The Nehru jacket is a hip-length tailored coat for men or women, with a mandarin collar, and with its front modelled on the Indian achkan or sherwani, a garment worn by Jawaharlal Nehru, the Prime Minister of India from 1947 to 1964.
The apparel was created in India in the 1940s as Band Gale Ka Coat (English: "Closed Neck Coat") and has been popular on the Indian subcontinent ever since, especially as the top half of a suit worn on formal occasions.
The jacket began to be marketed as the Nehru jacket in Europe and America in the mid 1960s. It was briefly popular there in the late 1960s and early 1970s, its popularity spurred by growing awareness of foreign cultures, by the minimalism of the Mod lifestyle and, in particular, by the Beatles and subsequently the Monkees.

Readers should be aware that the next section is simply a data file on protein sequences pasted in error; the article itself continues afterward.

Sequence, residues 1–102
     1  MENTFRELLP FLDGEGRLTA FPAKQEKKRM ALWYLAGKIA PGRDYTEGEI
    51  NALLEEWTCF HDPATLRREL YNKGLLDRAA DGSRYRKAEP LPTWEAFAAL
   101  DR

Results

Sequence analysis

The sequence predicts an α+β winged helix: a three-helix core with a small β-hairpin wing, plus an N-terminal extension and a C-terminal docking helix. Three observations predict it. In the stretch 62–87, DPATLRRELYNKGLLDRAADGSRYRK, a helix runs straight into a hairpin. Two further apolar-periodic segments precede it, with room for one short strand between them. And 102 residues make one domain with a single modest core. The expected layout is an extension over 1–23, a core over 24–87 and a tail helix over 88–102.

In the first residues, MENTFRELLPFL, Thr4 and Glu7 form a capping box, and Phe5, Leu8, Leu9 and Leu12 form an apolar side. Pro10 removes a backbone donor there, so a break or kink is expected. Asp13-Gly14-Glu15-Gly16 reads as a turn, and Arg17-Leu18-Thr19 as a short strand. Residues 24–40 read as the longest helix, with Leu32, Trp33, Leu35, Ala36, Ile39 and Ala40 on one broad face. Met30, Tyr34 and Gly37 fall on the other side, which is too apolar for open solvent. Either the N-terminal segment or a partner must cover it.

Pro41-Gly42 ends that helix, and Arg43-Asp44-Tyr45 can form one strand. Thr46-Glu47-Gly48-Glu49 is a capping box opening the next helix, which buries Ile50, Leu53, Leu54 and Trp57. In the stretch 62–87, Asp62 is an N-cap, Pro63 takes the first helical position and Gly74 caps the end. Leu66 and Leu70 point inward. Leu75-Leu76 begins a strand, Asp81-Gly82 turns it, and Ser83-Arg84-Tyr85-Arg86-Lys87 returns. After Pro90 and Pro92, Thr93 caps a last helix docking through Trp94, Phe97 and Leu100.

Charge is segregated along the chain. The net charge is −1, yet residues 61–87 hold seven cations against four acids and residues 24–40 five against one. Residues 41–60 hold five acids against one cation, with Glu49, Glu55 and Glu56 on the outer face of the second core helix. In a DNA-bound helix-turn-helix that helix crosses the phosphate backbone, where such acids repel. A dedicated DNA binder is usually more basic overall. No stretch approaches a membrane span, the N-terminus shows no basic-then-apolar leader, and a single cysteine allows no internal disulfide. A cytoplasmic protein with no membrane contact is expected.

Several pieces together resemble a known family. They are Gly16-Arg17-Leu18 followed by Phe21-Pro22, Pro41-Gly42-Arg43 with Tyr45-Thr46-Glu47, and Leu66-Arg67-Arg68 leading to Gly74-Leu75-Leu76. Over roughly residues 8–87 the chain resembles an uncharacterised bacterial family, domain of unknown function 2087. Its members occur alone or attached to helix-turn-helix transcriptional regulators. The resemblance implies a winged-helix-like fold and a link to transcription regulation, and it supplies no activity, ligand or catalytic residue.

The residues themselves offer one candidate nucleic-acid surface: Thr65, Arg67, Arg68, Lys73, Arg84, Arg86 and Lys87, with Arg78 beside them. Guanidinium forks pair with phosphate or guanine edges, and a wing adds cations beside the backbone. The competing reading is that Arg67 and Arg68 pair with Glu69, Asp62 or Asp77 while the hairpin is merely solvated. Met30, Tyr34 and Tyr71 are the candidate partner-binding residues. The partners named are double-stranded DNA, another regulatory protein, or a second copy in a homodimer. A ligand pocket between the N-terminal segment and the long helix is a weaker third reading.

Decline of popularity in the West
- "Nehru Jacket, which we know today had undergone alterations from its basic Achkin or Sherwani model over the years even during the lifetime of Nehru. The main difference between the popular Nehru Jacket and the original Achkan is the length. Achkans go below the knees whereas Nehru Jacket hardly reaches hips. It was only after 1940s the term 'Nehru Jacket' was started using widely. Till then it was known as 'band gale Ica coat', which means 'closed neck coat.' The strangest part of the story is that, Nehru had never worn the popular, modified ones named after him, but always preferred the traditional models more akin to Ackhan or Sherwani."
- Aramam, Ajmal (16 January 2016). "Nehru's style statement: Achkan the knee-length coat made iconic by Nehru is still being worn with pride". Tehelka. Retrieved 26 April 2017.
- "Nehru jacket - Everything2.com". Everything2.com. 2001-07-27. Retrieved 2010-01-11.
- "Nehru jacket". Retrieved 2015-01-21.